Tests are now advanced and user-friendly enough to allow someone with minimal training to determine whether a woman with an HPV infection is susceptible to developing cervical cancer.

Those who test ‘positive’ can be asked to return for further tests, and those who test ‘negative’ can be monitored.

Global Coalition against Cervical Cancer (GC3) is a large, international cooperative effort that will serve as an independent, credible source for technical support and expertise, technology transfer, training, and education to assist countries and entities that want to implement scaled-up cervical cancer prevention and control programs.
 
The population of women susceptible to cervical cancer becomes much clearer and more manageable as a result
.

Unfortunately, simple and effective testing methods are not enough to achieve GC3’s goals.
In many lower-income countries, there is still stigma around the subject of HPV and cervical cancer, along with a sharply-felt lack of awareness.

"HPV testing is more sensitive and less specific than Pap testing," said Philip E. Castle, executive director of the Global Cancer Initiative and CEO of the Global Coalition Against Cervical Cancer.
Photo courtesy of GE Healthcare / VNS Photo
 
“[Education] is a huge factor. The truth is, you’re not going to go into a country and say, ‘hey, we’re going to prevent cervical cancer here!’ because they’re going to say, ‘Well what’s cervical cancer and why should I care?’ And perhaps there are places that can’t decide, or won’t decide, whether to do cervical cancer prevention because it’s not deemed important enough.”


Courtesy of GE Healthcare
 
While the future for GC3’s ambitions is bright, its success depends on a vast number of factors and elements coming together
.

Courtesy of GE Healthcare
 
“The real barrier to this cost,”
Dr. Castle adds.
“If we can drive the cost down by volume-purchasing, if we can get [funding groups] to not only understand that this is good for women’s health, but that it’s good for health in general, then I think we can get some countries moving forward. I’d like to see one or two countries really doing this on a national level, that fall within the World Bank definitions of middle- or lower-income countries. That would be terrific, and it would be a model for others to replicate.”

Courtesy of GE Healthcare
 
Dr. Castle’s hopes for GC3 are best summed up by a quote by Goethe that appears on the front page of the GC3 website:

“Knowing is not enough; we must apply. Willing is not enough; we must do.”

Courtesy of GE Healthcare
 


Dr. Philip Castle, PhD, MPH

Philip Castle is an independent consultant, the Executive Director of Global Cancer Initiative (Chestertown, MD), and the Executive Director of the Global Coalition against Cervical Cancer.

Dr Philip Castle
Photo courtesy of GE Healthcare
 
Previously, Dr. Castle was the Chief Scientific Officer of the American Society for Clinical Pathology (ASCP) (2011-2).

He was a Senior, Tenured Investigator (2010-11) and Tenure-Track Investigator (2003-10) in the Division of Cancer Epidemiology and Genetics (DCEG) at the U.S. National Cancer Institute (NCI).

He received his Ph.D. in Biophysics in 1995 and M.P.H. in Epidemiology in 2000 from the Johns Hopkins University.

Dr. Castle’s professional interests are
(1) epidemiology of human papillomaviruses (HPV) and cervical/anogenital cancer;
(2) science and translation of cancer prevention strategies;
(3) evidence-based medicine; and
(4) international health.

Dr. Castle has published over 200 papers on HPV and cervical cancer, including in such prestigious journals as the New England Journal of Medicine, Lancet, Lancet Oncology, Journal of the National Cancer Institute, British Medical Journal, JAMA, Archives for Internal Medicine, and Cancer Research.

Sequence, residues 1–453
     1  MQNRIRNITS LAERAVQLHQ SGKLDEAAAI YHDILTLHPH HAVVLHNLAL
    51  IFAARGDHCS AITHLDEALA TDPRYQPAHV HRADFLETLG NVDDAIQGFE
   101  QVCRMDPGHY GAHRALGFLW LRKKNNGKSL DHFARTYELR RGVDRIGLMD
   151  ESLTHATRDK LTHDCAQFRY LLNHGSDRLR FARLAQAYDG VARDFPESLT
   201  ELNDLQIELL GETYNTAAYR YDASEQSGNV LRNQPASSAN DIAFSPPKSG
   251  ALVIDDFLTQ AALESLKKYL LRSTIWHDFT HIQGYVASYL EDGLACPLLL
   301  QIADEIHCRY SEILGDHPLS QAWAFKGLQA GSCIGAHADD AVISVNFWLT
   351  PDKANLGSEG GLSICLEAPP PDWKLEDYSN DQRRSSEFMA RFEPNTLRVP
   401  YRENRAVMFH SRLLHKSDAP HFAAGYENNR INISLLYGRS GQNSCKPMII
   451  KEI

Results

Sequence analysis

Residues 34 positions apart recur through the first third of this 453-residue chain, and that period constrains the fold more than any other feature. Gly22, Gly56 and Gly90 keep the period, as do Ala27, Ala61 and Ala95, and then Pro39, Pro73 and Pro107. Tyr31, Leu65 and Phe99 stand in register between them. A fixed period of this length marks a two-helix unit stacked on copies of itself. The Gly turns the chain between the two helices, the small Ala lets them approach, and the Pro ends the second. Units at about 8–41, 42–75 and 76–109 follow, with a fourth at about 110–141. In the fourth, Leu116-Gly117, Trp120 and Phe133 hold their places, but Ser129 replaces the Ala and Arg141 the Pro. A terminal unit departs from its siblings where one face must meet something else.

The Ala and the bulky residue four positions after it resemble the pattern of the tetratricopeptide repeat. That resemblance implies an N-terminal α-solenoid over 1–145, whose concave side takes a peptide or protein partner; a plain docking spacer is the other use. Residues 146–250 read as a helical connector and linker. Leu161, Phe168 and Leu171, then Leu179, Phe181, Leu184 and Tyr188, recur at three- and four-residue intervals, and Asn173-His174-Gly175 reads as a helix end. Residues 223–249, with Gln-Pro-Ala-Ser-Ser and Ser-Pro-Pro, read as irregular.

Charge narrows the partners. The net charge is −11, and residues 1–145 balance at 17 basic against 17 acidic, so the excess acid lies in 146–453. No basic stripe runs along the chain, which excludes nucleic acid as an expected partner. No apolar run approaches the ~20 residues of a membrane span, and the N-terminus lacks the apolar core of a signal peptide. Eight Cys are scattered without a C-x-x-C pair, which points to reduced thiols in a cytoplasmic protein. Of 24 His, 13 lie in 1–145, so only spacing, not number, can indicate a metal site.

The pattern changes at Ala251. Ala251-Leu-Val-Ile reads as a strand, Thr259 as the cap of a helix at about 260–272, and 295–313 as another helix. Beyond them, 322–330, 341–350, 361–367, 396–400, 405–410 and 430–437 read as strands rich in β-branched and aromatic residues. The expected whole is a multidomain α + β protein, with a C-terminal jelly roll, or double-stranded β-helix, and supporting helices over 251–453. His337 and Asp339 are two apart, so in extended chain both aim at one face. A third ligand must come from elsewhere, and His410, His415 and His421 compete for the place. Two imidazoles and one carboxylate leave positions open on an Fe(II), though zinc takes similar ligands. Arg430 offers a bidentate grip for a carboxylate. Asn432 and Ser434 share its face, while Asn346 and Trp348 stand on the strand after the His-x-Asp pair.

He currently serves on the editorial boards of the Journal of Infectious Diseases and Journal of Lower Genital Tract Disease.

Dr. Castle has served as an invited speaker or session chair in many forums, including for the American Association for Cancer Research, International Papillomavirus Society, and the European Union on Genital Infection and Neoplasia (EUROGIN).

He regularly participates in the development of national and international guidelines for cervical cancer prevention.

Dr. Castle serves a consultant for several countries on the development of national cervical cancer prevention programs, including pilot/demonstration projects in El Salvador and Vietnam.

He is currently a member of the Centers for Disease Control and Prevention’s (CDC) National Breast and Cervical Cancer Early Detection and Prevention (NBCCEDP) Advisory Committee.

For his work in cervical cancer prevention, Dr. Castle has received
(1) An EUROGIN Distinguished Service Award (2006);
(2) a NIH Merit Award for introduction of HPV testing into low-resource settings in the U.S. (2007);
(3) a Distinguished Scientific Achievement Award by American Society For Colposcopy and Cervical Pathology (2010), its highest honor; and
(4) The Arthur S. Flemming Award for Exceptional Achievement in Federal Government Service for Applied Science, Engineering and Mathematics (2010).


More Information:

CG3

http://solvecervicalcancer.org/  

Dr Phil Castle

http://solvecervicalcancer.org/gc3-steering-committee/philip-castle/  

Cervical Cancer Factsheet

http://solvecervicalcancer.org/wp-content/uploads/2014/11/FACT-SHEETVS_NOV_FS_Cervical-cancer_FINAL.pdf  

Self-Collection Could Be the Key to Beating Cervical Cancer

http://newsroom.gehealthcare.com/self-collection-could-be-the-key-to-beating-cervical-cancer/  

Self-Collection HPV Tests the Future for Cervical Cancer Screening?

http://newsroom.gehealthcare.com/qa-ulf-gyllensten-self-collection-hpv-tests-future-cervical-cancer-screening/  

What You Should Know About Cancer, with Dr Robert Smith

http://newsroom.gehealthcare.com/what-you-should-know-about-cancer-with-dr-robert-smith/  

Cancer Research Month: A Physicist’s Determination to Improve Breast Cancer Screenings & Diagnostics

http://newsroom.gehealthcare.com/cancer-research-month-physicists-determination-improve-breast-cancer-screenings/  

A New Era in Breast Cancer Screening

http://newsroom.gehealthcare.com/a-new-era-in-breast-cancer-screening/  

Liver Cancer is on the Rise, But Doctors are Getting Better at Beating It

http://newsroom.gehealthcare.com/liver-cancer-is-on-the-rise-but-doctors-are-getting-better-at-beating-it/  


 
 
Source: GE Healthcare

http://newsroom.gehealthcare.com/